Requiem for the VGLA

I have written at length about Richmond’s abuse of its students with disabilities in order to improve SOL scores.  The 2015 data help complete a post mortem on that outrage so here is one last set of data.

Starting in 2005, VDOE allowed the divisions to offer a home-brewed (and, most importantly, locally graded) alternative test for students who could perform at grade level but whose disability interfered with taking the written SOL tests, the VGLA

You might reasonably think that only a few kids in any division would need that accommodation.  In fact, the use of the VGLA mushroomed.  One teacher quoted her director for the reason: “My dog could pass VGLA.”

In 2009, the Superintendent in Buchanan County admitted he had “encouraged to use of VGLA as a mechanism to assist schools in obtaining accreditation and in meeting AYP targets.”  Instead of firing that Superintendent for flagrant cheating and child abuse, VDOE merely required him to write a “Corrective Action Plan.”

Indeed, despite having a computer full of data showing abuse of the VGLA in Richmond and elsewhere, VDOE remained deliberately ignorant of the problem until the introduction of HB304 in the 2010 General Assembly, requiring a specific justification for every child taking the VGLA.  At that point, the State Superintendent became “concerned” and VDOE promulgated new math tests (2012) and reading tests (2013) that eliminated the VGLA except for some ESL students.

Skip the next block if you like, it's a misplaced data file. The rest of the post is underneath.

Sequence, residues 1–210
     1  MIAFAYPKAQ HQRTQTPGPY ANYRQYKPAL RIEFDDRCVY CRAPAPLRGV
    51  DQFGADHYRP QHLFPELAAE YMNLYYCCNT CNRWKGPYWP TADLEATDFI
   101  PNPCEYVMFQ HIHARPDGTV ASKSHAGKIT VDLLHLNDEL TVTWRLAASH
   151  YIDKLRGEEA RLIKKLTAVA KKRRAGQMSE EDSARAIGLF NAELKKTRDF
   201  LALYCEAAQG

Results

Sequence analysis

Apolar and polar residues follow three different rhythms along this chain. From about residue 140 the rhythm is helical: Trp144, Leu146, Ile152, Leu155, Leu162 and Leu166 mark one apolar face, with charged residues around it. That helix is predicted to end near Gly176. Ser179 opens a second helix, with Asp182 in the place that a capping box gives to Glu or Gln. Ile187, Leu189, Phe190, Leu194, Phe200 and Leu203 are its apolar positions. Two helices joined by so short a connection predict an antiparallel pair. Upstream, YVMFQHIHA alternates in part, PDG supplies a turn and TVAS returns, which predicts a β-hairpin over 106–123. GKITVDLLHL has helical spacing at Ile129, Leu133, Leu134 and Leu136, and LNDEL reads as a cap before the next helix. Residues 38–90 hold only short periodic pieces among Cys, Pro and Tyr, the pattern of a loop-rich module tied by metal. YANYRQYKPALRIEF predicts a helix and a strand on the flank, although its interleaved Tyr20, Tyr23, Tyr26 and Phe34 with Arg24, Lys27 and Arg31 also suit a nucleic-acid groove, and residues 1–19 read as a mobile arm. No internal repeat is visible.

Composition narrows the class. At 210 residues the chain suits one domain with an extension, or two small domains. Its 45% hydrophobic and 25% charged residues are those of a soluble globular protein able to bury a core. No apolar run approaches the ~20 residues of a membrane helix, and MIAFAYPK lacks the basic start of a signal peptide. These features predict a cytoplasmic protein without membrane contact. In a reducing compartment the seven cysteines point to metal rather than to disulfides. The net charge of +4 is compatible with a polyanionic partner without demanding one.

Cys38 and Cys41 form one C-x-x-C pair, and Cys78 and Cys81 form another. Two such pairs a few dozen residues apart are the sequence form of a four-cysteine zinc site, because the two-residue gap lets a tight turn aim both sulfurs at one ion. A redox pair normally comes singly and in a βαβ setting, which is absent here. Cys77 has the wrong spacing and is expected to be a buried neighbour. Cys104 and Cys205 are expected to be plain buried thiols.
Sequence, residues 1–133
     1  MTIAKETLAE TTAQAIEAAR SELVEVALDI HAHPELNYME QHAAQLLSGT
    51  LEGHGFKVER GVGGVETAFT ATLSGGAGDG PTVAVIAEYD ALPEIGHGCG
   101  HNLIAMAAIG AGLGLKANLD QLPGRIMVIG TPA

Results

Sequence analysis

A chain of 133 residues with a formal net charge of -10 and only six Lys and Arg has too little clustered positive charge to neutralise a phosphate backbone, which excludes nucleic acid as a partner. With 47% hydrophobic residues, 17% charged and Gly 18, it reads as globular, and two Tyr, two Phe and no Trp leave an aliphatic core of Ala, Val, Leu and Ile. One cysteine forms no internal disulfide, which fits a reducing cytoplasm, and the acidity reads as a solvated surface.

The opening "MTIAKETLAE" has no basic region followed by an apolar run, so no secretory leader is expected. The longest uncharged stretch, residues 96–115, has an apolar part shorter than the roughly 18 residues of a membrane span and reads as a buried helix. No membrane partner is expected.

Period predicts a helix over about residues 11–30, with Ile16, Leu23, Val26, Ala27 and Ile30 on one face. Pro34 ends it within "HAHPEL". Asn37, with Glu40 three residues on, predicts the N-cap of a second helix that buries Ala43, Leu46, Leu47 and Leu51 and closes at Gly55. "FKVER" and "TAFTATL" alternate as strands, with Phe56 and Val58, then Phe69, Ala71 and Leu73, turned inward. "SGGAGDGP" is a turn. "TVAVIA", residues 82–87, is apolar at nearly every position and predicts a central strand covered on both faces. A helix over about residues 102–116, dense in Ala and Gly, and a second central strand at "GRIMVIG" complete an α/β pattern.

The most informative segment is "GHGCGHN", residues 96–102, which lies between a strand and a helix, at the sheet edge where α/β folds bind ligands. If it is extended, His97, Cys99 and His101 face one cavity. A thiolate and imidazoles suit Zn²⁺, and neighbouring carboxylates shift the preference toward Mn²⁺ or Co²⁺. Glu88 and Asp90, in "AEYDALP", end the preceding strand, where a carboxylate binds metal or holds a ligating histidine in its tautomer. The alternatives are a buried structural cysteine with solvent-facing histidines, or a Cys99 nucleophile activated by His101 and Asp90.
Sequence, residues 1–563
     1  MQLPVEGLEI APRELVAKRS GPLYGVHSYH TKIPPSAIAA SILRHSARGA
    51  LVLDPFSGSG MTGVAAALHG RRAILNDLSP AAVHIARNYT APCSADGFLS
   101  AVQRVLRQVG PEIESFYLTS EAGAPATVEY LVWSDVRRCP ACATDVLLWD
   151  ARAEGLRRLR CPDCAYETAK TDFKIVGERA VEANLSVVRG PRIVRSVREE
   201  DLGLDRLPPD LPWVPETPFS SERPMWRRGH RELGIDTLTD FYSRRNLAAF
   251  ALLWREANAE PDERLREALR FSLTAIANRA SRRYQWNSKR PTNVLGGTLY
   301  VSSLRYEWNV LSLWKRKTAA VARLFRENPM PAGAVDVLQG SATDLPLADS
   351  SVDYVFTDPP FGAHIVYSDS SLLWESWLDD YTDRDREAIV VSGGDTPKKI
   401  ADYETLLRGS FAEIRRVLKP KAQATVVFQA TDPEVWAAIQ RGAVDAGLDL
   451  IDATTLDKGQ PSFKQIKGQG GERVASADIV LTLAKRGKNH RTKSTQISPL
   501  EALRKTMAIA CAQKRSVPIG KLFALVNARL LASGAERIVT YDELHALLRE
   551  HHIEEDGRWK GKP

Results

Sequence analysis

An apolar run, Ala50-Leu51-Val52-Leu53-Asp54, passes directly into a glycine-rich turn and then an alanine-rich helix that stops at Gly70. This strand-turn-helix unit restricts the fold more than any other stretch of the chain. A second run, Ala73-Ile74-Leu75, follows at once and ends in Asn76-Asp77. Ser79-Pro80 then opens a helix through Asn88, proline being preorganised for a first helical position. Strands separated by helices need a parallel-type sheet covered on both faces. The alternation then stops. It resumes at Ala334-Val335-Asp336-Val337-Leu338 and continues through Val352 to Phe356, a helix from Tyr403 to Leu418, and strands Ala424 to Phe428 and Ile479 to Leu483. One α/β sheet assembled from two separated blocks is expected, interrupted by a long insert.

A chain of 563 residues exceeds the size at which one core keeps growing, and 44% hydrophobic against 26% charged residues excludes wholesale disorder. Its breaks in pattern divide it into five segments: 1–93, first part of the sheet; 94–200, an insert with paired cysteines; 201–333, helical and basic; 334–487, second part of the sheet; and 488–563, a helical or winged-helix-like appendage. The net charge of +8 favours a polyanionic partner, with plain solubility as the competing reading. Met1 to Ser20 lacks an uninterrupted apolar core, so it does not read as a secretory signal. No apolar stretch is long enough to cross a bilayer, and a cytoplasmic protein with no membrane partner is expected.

The new tests were tough; they reduced pass rates in most divisions. 

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The disappearance of the VGLA also had a dramatic effect on the pass rates for students with disabilities.  The effect in Richmond was even more dramatic.  Data here are pass rates.  The red curve is Richmond students with disabilities divided by the state average of students with disabilities; the blue is the same ratio for students without disabilities.

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Here we see Richmond’s students with disabilities outperforming their peers statewide(!), while Richmond’s students without disabilities underperformed.  Then came the new reading tests in 2013 and Richmond’s students with disabilities had the locally-graded VGLA snatched away and replaced by the same test everybody else was taking.  The Richmond students with disabilities suddenly underperformed their peers statewide by even more than Richmond’s students without disabilities were underperforming.

The math scores show the same effect.

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The important, and shameful, outcome here is that no division Superintendent and nobody at VDOE went to jail or even was fired.  After the General Assembly put up a big Stop sign, VDOE merely changed the system.  And the bureaucrats in Buchanan and Richmond and, doubtless, elsewhere who were violating the public trust were left to think up new ways to abuse the children in their care.

And the kids who were harmed by this cynical and disgraceful episode were left to fend for themselves.

Your tax dollars at work.